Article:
In a letter to the Federal Energy Regulatory Commission (FERC) in September, US energy secretary Rick Perry wrote: "Distorted price signals in the commission-approved organised markets have result in under-valuation of grid reliability and resiliency benefits provided by traditional baseload resources, such as coal and nuclear."
Perry recommended FERC pay these sources of energy so they could continue to provide baseload supply. This suggestion has been met with fierce criticism from industry and politicians.
AWEA, with 11 other industry associations from the gas, solar, storage, and biogas sectors, submitted a response to FERC claiming the rule proposal was unfair to the other technologies.
"We are encouraged to see overwhelming recognition that the proposal would undermine competitive electricity markets, harming consumers and reliability in the process," said AWEA senior vice president for government and public affairs, Amy Farrell.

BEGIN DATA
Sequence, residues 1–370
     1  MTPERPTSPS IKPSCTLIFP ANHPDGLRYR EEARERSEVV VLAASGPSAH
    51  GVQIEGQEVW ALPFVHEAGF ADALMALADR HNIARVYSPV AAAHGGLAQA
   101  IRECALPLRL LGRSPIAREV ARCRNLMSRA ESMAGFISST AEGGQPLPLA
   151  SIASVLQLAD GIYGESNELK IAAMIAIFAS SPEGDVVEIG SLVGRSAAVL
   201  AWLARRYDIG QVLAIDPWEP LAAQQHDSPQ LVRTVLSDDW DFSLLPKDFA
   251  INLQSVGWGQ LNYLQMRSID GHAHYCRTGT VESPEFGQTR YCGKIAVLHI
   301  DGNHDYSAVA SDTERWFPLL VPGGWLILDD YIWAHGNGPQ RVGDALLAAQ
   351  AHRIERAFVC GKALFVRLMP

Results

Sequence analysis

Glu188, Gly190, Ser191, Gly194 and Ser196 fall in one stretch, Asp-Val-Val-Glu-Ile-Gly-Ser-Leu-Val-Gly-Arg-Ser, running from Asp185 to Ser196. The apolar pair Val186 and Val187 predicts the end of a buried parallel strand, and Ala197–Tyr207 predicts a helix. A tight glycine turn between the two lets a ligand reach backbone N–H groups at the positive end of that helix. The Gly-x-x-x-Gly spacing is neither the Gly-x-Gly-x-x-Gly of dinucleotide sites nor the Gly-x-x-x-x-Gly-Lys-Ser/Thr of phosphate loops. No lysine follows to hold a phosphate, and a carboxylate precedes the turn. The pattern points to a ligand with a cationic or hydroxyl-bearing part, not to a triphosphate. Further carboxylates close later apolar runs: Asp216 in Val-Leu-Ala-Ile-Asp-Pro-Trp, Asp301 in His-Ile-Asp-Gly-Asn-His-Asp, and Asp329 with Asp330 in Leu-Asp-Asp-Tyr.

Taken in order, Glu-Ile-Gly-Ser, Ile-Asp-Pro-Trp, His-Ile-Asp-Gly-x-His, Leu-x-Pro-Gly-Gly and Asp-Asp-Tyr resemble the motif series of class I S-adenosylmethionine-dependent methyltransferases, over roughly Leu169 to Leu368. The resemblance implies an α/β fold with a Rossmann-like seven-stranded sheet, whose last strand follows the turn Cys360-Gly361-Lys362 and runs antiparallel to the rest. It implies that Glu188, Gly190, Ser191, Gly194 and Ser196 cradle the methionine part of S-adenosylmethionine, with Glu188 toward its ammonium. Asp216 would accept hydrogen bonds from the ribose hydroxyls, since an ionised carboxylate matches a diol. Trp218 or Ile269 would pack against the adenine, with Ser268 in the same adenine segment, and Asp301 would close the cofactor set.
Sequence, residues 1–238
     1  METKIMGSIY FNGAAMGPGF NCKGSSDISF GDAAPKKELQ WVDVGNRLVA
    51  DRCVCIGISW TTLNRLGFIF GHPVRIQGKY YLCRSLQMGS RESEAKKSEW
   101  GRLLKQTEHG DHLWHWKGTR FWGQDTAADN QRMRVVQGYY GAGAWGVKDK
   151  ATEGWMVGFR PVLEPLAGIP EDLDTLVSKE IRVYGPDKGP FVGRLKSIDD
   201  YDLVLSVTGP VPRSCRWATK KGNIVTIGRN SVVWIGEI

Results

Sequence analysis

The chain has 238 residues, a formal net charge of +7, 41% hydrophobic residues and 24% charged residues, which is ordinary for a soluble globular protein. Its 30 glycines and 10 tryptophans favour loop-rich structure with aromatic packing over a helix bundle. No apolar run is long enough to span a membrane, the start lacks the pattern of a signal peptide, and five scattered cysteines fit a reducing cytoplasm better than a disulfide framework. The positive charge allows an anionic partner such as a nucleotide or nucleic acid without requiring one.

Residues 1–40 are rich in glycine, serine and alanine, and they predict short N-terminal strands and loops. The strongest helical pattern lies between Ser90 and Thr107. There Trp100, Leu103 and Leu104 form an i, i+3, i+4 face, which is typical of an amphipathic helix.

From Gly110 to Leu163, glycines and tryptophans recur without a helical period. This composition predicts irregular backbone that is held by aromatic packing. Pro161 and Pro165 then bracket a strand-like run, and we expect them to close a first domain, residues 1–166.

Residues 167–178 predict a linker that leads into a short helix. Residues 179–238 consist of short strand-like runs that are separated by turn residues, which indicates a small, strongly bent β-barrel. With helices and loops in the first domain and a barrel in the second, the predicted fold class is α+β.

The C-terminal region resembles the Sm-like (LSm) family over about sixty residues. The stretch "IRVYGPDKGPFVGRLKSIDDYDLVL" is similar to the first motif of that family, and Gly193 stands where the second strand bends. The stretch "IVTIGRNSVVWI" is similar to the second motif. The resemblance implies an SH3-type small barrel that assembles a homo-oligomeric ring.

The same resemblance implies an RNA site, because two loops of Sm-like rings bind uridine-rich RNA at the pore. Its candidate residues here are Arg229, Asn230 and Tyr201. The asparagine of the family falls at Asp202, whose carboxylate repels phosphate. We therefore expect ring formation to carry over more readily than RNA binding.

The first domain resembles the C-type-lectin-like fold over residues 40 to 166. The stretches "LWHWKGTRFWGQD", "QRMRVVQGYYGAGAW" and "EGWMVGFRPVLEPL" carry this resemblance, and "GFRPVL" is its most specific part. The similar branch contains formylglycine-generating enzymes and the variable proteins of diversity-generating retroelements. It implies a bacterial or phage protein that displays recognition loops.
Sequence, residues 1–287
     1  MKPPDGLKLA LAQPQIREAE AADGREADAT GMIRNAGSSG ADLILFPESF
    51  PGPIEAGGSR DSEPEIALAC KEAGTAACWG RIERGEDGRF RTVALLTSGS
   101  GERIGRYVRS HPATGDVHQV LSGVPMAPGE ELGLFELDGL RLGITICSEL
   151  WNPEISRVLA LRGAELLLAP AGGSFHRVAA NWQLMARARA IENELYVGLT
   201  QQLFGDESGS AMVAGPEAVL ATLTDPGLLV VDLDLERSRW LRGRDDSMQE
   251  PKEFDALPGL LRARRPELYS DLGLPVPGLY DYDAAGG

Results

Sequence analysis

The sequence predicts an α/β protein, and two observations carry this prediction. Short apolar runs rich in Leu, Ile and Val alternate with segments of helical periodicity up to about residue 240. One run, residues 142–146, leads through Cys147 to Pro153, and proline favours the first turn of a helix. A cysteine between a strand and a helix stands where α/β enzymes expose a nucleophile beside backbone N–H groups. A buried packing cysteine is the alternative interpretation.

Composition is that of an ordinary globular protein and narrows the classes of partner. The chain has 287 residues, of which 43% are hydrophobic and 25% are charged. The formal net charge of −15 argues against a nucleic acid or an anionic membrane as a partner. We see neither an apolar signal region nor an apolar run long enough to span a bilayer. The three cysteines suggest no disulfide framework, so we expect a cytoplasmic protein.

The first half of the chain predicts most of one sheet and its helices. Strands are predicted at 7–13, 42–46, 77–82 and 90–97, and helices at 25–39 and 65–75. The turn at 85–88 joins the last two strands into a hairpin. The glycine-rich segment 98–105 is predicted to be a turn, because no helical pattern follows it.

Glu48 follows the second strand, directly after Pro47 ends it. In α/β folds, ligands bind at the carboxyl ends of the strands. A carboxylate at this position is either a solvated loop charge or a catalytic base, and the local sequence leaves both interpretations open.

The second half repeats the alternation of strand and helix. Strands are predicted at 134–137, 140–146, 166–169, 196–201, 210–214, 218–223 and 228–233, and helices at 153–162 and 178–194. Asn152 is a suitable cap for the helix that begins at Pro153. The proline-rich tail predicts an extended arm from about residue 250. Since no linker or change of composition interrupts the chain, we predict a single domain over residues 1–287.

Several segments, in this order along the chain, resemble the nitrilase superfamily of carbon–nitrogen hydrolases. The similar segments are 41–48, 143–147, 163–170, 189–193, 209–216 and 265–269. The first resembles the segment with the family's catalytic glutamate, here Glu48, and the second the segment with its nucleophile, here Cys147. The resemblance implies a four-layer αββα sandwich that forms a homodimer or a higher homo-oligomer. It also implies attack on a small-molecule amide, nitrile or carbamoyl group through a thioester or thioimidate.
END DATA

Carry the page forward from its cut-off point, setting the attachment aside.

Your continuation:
"It is particularly telling that even many coal and nuclear plant owners, who would receive those payments under the proposal, filed in opposition, recognising short-term gains would be outweighed by long-term harm to electricity markets.
"We look forward to working with FERC, grid operators and other stakeholders to ensure markets value generation performance and deliver affordable, reliable electricity," Farrell added.
According to US news site the Hill, a number of members of the US Congress from both major US parties, also submitted comments to FERC on the plans.
A letter from 14 Democrats said the proposal dismisses renewable energy's role in supporting the grid.
"Actions to reduce carbon emissions are intimately linked with actions to increase resilience because reducing carbon emissions in the near-term can prevent the worst impacts of climate change in the future," they wrote, according to the Hill.
FERC is due to to take action on Perry's proposal in early December.